Reel Reviews | Jungle Cruise

by Charles Kirkland, Jr.

Another Disney theme park ride comes to life! This time it’s the hokey little steamboat ride that gets the theatrical treatment with Dwayne Johnson and Emily Blunt as the stars of Jungle Cruise.

Lily Houghton (Emily Blunt) has a deep desire to find the fabled Tree of Life which has the reputed potential to heal any disease. Unfortunately, the location of the Tree is lost somewhere in the jungle of the Amazon river. After she steals an amulet with directions, she hires a boat captain, Skipper Frank Wolff (Dwayne Johnson) to take her to the location of the Tree. Being the Amazon, there is danger and possibly death around every bend of the river. By the way, a German royal, Prince Joachim, from whose clutches the amulet was taken, is hot on the heels of Lily and searching for the Tree as well. Unfortunately, his intentions are much more nefarious than those of Lily.

The screenplay for Jungle Cruise was written by Michael Green, Glenn Ficarra, and John Requa based upon a screen story from John Norville, Josh Goldstein, Ficarra, and Requa which was somewhat loosely based upon the Disney theme park ride of the same name. Cruise stars Emily Blunt, Dwayne Johnson, Edgar Ramirez, Jack Whitehall, Jesse Plemons, Veronica Falcon, and Paul Giamatti. The film is directed by Jaume Collet-Serra (Orphan, Unknown). Reportedly, Johnson was so taken by Collet-Serra’s direction that he recruited him to direct him in the upcoming Black Adam movie.

There are two well-known precedents for this film, movies that are based upon Disney theme park rides. The first is Pirates of the Caribbean which successfully relaunched the career of Johnny Depp and spawned a franchise that has grossed over 4.5 billion dollars worldwide. The other is the mostly forgettable, The Haunted Mansion which grossed a paltry $182 million on a $90 million budget and is just another footnote under bad ideas on the resume of Eddie Murphy.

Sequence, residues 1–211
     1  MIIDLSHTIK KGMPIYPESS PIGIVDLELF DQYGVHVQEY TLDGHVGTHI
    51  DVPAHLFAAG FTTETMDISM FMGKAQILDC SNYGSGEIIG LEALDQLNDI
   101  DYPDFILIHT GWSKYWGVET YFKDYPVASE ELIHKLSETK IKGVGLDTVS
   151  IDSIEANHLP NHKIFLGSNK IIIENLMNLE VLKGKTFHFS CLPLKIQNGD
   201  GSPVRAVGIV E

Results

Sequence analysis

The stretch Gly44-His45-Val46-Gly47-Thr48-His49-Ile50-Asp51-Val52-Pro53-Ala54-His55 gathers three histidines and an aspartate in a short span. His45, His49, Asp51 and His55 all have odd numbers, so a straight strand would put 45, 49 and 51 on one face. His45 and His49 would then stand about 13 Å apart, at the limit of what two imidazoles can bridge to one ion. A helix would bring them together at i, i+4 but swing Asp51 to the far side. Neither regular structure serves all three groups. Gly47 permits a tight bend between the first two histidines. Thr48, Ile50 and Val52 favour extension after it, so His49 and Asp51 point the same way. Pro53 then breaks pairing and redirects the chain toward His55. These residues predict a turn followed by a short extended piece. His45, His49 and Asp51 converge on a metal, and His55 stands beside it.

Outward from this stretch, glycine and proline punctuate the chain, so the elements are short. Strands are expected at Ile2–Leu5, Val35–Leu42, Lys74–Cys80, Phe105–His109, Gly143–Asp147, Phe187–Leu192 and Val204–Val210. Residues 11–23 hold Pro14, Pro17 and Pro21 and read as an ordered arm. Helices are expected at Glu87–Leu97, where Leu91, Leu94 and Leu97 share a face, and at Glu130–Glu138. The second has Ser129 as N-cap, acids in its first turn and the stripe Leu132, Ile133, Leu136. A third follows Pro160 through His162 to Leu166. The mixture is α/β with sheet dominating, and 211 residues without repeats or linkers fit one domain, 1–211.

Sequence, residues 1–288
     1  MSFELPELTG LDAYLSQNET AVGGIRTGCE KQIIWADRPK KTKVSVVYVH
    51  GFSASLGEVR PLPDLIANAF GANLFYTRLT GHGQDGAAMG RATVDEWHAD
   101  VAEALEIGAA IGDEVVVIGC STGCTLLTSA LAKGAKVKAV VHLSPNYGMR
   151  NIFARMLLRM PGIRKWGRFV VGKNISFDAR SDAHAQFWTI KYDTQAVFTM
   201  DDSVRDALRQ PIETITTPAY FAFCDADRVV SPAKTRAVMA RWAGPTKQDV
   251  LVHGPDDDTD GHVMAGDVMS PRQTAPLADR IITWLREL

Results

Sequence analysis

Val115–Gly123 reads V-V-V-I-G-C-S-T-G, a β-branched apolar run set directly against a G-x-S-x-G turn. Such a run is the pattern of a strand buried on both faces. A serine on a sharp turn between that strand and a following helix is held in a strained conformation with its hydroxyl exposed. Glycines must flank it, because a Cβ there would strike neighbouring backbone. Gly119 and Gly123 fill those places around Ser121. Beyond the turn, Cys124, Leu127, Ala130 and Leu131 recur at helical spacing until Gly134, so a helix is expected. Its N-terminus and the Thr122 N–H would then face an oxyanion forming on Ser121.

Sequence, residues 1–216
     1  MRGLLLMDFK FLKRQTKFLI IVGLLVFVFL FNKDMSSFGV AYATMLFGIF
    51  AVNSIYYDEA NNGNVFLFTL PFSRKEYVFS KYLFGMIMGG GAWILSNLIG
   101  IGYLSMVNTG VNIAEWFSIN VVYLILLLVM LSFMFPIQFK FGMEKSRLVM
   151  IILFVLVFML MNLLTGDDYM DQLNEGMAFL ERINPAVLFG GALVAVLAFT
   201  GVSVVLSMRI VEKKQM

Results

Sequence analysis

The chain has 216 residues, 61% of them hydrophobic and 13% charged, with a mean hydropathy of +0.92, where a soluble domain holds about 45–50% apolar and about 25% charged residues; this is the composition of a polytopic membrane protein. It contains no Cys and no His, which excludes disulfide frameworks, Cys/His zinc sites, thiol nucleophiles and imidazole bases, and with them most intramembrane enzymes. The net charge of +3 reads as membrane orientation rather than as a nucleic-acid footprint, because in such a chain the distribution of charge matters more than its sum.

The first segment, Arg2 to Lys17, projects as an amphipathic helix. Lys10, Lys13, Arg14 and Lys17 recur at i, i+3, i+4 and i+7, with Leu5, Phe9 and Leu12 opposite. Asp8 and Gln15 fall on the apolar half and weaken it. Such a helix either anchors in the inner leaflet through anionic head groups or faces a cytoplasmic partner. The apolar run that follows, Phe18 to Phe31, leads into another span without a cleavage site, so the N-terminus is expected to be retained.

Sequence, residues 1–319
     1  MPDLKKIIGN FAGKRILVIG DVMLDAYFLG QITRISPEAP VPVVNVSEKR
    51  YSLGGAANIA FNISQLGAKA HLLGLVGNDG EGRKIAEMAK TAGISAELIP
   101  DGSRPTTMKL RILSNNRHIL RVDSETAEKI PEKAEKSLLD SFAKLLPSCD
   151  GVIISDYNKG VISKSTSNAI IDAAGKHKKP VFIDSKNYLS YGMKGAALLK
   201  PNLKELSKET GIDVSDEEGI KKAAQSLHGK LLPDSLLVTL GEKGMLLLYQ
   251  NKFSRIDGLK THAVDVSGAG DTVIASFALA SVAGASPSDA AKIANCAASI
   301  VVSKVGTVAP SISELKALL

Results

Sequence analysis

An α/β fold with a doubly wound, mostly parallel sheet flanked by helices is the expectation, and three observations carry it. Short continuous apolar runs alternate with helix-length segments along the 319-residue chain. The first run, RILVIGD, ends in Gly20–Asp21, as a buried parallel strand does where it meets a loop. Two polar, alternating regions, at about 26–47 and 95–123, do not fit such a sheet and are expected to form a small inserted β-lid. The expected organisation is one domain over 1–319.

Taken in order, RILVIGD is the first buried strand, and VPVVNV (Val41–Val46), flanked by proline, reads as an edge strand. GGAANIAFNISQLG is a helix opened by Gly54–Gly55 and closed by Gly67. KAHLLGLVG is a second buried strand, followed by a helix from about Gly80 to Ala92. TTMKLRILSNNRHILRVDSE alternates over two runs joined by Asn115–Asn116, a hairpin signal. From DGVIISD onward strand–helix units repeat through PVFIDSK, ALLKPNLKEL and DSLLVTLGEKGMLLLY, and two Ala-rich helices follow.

First of all, Dwayne Johnson is an international superstar. Unlike Depp who was looking for the next phase of his career, Johnson is in the prime of his time. Second, paired with Emily Blunt, another international superstar, the leading duo of this film has a built-in cache to make it immediately successful. Let’s not forget the power that Disney wields currently is much greater than it did decades ago, hence the ability to attract two mega-stars to lead and skilled directors like Jaume Collet-Serra.

So the question begs, where does this film fall?

Jungle Cruise is a very, very entertaining film. It is chocked full of energy and action with much of the action coming from Blunt. Is it surprising that the star of Edge of Tomorrow and A Quiet Place would be involved in action scenes? No, it is a super-smart use of the talent she possesses. Blunt is the lead character of the film and Johnson serves as her accomplice. The chemistry between Johnson and Blunt is electric. They riff off each other with ease and carry each other the way only true stars can. While the stars are perfect together, the scene-stealer is Jack Whitehall’s prissy performance as Lily’s brother, MacGregor. Whitehall adds the perfect amount of comedic touch to scenes that are the spot-on relief to the settings in which he finds himself.

Kudos to the writers who found a way to place The Skipper’s corny puns into the movie. This is the one true direct connection from the movie to the ride. When Johnson introduces the “backside” of water, it is hilarious to those who have never heard it before and perfectly groan-worthy to those who remember.

Caution to parents: there are some scenes that will definitely give nightmares to younger viewers. Edgar Ramirez’s character and his company are grabbed and held by the vines of the jungle in one scene. In another scene, men are composed of snakes that hiss and strike at the screen.

Rated PG-13 for sequences of adventure violence, Jungle Cruise is a hit, maybe not on the level of the first Pirates but it is a rollicking good time for everyone. Everything is super-cute and over-the-top fun. This is the one summer blockbuster ride that should bring fans flooding back into theaters.

Jungle Cruise is in theaters and on Disney+.

Grade: B